Faculty Senate takes on grad rates
UH President Renu Khator challenged those at Wednesday’s Faculty Senate meeting to stop making excuses about low graduation rates.
“I want to make sure we understand that student success is a no-excuse priority,” Khator said.
She helped explain this by putting the success of college students in a global perspective.
“The U.S. is one of two countries where this generation is going to be less educated than the previous generation,” Khator said.
She singled out 15 universities, which resemble UH in several ways, and compared their progress to that of UH in 2007.
She resisted the excuse that UH students have unusual financial needs. Khator dug deeper than surface level evidence and presented it to those in the room. For example, Khator said although UH received only 5 percent more in Pell Grants than San Diego State University, SDSU still had a 56.4 percent graduation rate, 13.7 percent higher than UH.
“That factor alone cannot keep us from higher graduation rates,” Khator said.
She also refuted the excuse that UH students arrive at the University unprepared for college. When compared to East Carolina’s estimated median SAT score of 1035, she said UH has no excuse to have an 11.8 percent lower graduation rate when its median SAT score is 1070.
“Sorry, I’m not buying that excuse,” Khator said.
She mentioned the accusation that UH has students from underrepresented minorities that graduate at a lower rate. She pointed out statistically across the board, blacks, Latinos, Native Americans, Asians and whites have extremely similar graduation rates.
“You can’t say that just because we are more diverse, that that’s the reason our graduation rate can’t be improved,” Khator said.
She also disproved the notion that UH can’t move forward without additional resources. When UH has 30 percent more full-time faculty and spends $3,751 more in educational expenditures than SDSU, Khator said, it is difficult to defend the gap between the schools’ graduation rates.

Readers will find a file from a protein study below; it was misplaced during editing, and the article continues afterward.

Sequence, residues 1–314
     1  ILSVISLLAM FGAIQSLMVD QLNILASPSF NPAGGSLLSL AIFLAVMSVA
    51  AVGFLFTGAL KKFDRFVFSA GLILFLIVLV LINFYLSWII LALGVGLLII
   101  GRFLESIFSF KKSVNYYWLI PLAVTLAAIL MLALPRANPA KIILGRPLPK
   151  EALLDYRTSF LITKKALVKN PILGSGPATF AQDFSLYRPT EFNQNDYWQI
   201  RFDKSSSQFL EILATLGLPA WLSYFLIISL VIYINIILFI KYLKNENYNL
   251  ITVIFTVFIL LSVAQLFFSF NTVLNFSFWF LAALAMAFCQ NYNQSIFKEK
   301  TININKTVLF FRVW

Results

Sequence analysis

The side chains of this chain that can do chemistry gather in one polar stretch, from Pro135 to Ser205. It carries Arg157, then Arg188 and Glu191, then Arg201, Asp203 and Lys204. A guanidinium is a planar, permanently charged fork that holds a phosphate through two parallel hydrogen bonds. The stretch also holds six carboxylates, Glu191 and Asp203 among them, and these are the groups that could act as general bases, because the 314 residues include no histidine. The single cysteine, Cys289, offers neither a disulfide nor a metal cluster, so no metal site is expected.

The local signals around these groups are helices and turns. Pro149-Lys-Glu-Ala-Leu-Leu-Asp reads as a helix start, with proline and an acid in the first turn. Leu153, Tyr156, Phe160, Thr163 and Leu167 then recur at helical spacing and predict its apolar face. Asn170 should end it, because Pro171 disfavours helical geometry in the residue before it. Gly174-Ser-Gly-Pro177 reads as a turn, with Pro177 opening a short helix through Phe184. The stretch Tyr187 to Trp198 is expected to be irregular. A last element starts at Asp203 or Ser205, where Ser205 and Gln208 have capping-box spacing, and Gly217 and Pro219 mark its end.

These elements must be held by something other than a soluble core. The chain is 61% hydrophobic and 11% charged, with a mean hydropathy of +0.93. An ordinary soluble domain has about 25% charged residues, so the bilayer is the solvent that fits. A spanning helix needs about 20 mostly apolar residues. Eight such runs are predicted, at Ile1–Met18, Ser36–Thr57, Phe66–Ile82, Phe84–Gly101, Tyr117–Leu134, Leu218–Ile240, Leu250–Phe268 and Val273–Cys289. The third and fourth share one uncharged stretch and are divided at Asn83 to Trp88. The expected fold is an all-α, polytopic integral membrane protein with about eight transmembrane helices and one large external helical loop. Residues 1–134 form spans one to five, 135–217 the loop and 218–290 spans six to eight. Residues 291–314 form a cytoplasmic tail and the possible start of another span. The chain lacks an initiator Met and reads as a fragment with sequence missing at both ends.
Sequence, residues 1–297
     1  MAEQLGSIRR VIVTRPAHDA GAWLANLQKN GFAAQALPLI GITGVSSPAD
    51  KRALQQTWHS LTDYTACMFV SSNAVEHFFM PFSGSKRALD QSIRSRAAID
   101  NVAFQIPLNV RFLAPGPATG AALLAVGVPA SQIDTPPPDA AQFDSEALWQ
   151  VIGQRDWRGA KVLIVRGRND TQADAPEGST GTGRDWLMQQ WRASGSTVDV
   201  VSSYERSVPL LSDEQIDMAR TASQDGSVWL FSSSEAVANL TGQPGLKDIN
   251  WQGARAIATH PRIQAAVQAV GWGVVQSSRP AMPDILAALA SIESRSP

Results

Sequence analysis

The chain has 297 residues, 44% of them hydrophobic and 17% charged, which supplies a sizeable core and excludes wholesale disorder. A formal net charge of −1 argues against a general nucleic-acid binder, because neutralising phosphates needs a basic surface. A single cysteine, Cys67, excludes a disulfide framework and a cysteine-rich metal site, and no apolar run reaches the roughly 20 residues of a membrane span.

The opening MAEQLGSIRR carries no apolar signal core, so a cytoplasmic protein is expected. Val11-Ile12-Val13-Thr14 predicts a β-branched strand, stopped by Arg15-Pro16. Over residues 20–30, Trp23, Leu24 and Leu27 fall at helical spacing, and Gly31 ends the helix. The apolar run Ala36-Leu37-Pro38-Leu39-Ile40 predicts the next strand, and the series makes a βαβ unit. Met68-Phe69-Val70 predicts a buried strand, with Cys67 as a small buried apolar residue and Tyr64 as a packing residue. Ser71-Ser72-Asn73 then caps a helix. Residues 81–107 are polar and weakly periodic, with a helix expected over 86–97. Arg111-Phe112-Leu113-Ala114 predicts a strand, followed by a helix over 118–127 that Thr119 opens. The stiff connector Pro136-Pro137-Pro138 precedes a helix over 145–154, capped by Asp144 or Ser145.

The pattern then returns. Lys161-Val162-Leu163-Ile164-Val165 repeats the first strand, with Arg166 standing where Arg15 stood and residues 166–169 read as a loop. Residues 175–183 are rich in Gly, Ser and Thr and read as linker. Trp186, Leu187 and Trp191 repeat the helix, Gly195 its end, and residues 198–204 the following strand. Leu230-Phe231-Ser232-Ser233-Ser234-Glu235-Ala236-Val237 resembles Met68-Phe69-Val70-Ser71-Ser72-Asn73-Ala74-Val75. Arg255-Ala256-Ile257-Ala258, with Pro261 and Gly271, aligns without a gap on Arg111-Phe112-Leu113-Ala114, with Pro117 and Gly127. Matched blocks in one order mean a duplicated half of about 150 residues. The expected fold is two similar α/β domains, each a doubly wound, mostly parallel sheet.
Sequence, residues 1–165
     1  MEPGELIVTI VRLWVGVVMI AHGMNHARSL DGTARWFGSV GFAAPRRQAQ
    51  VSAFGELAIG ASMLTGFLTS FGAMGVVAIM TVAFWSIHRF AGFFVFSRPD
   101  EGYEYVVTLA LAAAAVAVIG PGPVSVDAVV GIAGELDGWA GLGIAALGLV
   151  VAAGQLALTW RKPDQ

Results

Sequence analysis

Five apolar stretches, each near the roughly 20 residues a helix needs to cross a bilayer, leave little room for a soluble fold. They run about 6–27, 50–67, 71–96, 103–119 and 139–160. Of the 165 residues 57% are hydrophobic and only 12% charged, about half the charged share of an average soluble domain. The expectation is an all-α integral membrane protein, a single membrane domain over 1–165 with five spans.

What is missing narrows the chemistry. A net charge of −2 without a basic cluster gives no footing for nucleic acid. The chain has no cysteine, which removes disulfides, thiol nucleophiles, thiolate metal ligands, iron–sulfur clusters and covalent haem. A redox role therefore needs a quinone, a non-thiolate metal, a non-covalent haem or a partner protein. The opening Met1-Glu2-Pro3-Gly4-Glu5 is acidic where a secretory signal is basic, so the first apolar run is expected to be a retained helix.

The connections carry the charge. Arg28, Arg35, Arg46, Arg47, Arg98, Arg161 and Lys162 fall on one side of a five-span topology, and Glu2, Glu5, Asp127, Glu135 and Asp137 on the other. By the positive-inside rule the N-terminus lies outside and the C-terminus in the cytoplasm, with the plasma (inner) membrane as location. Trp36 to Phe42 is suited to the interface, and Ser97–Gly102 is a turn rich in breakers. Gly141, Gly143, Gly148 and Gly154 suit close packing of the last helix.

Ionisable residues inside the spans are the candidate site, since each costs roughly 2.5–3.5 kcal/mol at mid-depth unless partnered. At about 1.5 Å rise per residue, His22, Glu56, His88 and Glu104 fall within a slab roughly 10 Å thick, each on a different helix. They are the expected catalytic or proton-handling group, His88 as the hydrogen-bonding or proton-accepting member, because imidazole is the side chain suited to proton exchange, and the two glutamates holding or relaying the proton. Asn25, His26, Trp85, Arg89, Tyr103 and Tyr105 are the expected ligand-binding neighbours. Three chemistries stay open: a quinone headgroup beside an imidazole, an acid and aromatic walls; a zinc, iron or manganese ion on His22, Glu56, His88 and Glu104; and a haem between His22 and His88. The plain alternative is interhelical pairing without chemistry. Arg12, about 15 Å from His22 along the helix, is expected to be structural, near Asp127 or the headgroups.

“If we want to be a better university, we’ve got to start putting our students first,” Khator said. “It’s about leadership, and that’s ours.”
Khator also laid out several other courses of action for those at the meeting to undertake to help UH reach its flagship destination.
“We are absolutely at the cusp (to reach flagship)” Khator said.
Though UH is succeeding in several areas such as research funds, endowments and aggregate research, Khator said there are still a few areas that need improvement.
She emphasized the need for more faculty awards. In 2008, UH was similar to seven other universities with only three awards. UH would have ranked in the top 50 Public Research Universities in 2008 with only eight faculty awards, Khator said.
“I know that our faculty’s quality and caliber is far better than many of these institutions that are in the same group,” Khator said.
The Senate also expressed concerns over transfer student rates.
“We have a really problematic first year retention rate,” Vice President for Academic Affairs John Antel said.
Antel also said that he anticipates more furloughs and layoffs from the 5 percent budget reduction plan Gov. Rick Perry implemented in February.
Khator also expanded on the need for more doctorate graduates. The yearly goal is 200 students, but in 2009, UH fell short of that line. She encouraged those at the meetings to help improve those numbers.
“We will be a tier-one institution,” Khator said. “We aren’t that far away.”